criticism of allowing statutory authorities for critical
counterterrorism tools to lapse, and on the other, it allowed them
to put off having to make difficult policy decisions that could
offend critics of the Administration and the TSP. The bill just
passed by Congress does more of the same, stretching out the debate
while trying to give lawmakers cover from criticism that their
inaction is undermining counterterrorism efforts.
Extending the statutory authorities in the Protect America Act
would not be controversial but for politics. This particular
debate, in fact, is only a recent one. The Protect America Act was
intended to correct an erroneous FISA Court decision seeking to
extend that court's power to control foreign surveillance that was
never intended to be covered under FISA and never had been. The
decision was based, according to those who have seen it, on the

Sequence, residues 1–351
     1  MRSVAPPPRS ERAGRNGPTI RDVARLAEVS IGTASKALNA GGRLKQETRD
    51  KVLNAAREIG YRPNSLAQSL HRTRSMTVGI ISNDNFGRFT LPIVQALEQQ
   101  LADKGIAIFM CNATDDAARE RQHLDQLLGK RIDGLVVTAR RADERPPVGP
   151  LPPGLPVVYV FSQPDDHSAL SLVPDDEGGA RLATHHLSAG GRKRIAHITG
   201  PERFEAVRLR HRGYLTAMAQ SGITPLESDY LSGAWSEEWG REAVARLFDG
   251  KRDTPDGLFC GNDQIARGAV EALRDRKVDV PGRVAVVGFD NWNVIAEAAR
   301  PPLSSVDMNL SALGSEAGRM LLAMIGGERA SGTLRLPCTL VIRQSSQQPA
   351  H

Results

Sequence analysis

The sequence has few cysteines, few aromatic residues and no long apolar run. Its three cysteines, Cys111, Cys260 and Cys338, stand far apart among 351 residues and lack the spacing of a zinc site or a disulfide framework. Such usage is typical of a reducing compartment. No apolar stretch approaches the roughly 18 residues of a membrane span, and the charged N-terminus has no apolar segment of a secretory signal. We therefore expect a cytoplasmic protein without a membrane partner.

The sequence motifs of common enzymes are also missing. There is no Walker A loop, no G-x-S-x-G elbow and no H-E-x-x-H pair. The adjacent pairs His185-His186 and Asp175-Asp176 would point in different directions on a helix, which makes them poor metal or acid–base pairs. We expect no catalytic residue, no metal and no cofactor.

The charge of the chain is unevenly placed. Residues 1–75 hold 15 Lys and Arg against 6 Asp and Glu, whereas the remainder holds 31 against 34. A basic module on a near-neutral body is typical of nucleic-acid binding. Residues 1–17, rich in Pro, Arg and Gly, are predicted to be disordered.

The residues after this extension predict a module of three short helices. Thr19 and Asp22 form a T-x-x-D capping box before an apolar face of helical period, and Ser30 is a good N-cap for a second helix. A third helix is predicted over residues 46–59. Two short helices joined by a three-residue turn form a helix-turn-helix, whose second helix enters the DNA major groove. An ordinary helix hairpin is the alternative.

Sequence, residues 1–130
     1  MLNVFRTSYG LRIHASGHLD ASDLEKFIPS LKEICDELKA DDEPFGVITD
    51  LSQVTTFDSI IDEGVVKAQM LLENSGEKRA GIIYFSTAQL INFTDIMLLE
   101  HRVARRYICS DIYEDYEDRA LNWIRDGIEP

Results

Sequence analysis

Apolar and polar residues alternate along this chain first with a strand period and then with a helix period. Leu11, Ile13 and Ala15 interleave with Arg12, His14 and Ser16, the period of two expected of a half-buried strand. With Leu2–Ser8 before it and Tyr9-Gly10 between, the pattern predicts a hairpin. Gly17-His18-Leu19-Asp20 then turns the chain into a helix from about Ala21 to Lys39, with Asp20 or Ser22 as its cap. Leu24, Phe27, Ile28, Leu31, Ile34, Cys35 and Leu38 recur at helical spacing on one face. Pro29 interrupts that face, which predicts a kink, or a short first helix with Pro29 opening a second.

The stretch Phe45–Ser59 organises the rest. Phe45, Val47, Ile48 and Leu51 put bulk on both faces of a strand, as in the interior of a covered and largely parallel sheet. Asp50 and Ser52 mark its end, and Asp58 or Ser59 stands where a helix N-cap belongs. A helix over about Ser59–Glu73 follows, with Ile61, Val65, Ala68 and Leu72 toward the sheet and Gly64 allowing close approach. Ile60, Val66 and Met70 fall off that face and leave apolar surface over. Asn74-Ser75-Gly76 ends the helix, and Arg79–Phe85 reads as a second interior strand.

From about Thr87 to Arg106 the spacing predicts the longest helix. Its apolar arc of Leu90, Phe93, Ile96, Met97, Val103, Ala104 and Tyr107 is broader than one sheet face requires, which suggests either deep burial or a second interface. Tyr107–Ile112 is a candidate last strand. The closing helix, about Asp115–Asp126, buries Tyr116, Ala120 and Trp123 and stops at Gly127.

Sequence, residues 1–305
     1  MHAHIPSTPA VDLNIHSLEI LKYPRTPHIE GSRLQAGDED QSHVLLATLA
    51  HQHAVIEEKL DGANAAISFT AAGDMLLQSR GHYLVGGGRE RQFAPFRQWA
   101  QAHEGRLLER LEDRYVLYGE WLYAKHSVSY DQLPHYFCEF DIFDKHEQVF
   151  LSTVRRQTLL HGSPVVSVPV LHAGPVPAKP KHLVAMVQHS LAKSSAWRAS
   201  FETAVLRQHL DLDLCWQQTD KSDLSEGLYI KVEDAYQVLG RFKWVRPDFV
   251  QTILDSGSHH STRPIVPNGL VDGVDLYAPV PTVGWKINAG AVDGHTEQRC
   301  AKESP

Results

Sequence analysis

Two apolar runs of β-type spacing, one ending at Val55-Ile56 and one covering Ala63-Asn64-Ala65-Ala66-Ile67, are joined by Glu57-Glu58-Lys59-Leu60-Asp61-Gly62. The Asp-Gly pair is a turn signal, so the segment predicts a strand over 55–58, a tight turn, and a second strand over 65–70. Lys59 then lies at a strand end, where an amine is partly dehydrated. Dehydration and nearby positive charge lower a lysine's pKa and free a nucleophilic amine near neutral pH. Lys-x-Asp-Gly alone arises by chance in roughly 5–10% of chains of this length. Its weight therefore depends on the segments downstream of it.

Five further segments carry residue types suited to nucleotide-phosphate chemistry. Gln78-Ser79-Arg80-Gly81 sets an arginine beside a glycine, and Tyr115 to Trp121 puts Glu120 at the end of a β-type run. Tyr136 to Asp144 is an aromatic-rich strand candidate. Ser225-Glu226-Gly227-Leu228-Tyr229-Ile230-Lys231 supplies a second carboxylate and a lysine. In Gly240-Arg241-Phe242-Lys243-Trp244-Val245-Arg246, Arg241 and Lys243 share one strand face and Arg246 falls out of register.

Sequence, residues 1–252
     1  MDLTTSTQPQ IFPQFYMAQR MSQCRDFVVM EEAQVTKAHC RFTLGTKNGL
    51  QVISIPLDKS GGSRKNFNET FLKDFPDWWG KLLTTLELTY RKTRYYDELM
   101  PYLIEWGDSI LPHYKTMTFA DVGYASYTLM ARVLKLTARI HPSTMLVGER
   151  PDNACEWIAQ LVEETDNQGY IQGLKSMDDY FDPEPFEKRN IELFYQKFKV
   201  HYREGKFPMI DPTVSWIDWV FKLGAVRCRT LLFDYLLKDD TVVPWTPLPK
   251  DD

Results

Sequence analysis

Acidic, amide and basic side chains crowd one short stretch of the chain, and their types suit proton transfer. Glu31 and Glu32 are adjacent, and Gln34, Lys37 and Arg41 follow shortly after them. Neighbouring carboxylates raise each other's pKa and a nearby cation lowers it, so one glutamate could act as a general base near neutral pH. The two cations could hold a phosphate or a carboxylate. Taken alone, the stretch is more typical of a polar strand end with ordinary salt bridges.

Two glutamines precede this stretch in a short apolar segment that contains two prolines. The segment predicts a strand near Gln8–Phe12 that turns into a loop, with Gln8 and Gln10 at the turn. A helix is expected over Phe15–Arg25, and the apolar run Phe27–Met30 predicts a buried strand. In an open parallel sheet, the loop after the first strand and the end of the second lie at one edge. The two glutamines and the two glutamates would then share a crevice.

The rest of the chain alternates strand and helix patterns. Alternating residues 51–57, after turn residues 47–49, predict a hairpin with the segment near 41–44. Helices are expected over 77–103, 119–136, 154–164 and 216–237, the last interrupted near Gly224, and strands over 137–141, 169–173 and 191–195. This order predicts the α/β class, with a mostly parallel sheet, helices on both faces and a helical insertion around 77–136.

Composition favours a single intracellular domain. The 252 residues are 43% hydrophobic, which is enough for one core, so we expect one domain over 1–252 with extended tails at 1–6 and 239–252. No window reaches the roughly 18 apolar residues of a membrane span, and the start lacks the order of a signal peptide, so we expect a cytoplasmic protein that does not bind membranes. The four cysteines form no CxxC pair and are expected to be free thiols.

irrelevant details of recent changes in technology that do not
implicate the core concerns behind FISA. Congress never intended
FISA to apply to wholly international communications that do not
involve persons in the United States, but instead recognized that
surveillance of wholly international communications is an inherent
power of the President and part of his solemn responsibility to
protect America's security. Permanent extension of this authority
simply returns FISA to the status quo before the erroneous court
decision, thereby allowing vital and uncontroversial intelligence
work to continue unabated.
No Free Lunch
Passing temporary extensions of the Protect America Act,
however, makes Americans less safe than providing permanent
authority. Serious counterterrorism investigations can take years.
They can consume vast amounts of manpower and resources. Creating
uncertainty over what authorities will be available in the future
greatly complicates the task of the intelligence services and the
telecommunications industries that must cooperate with them to make
their efforts efficient and effective. The longer Congress drags
out and leaves unsettled this vital issue, the more it hamstrings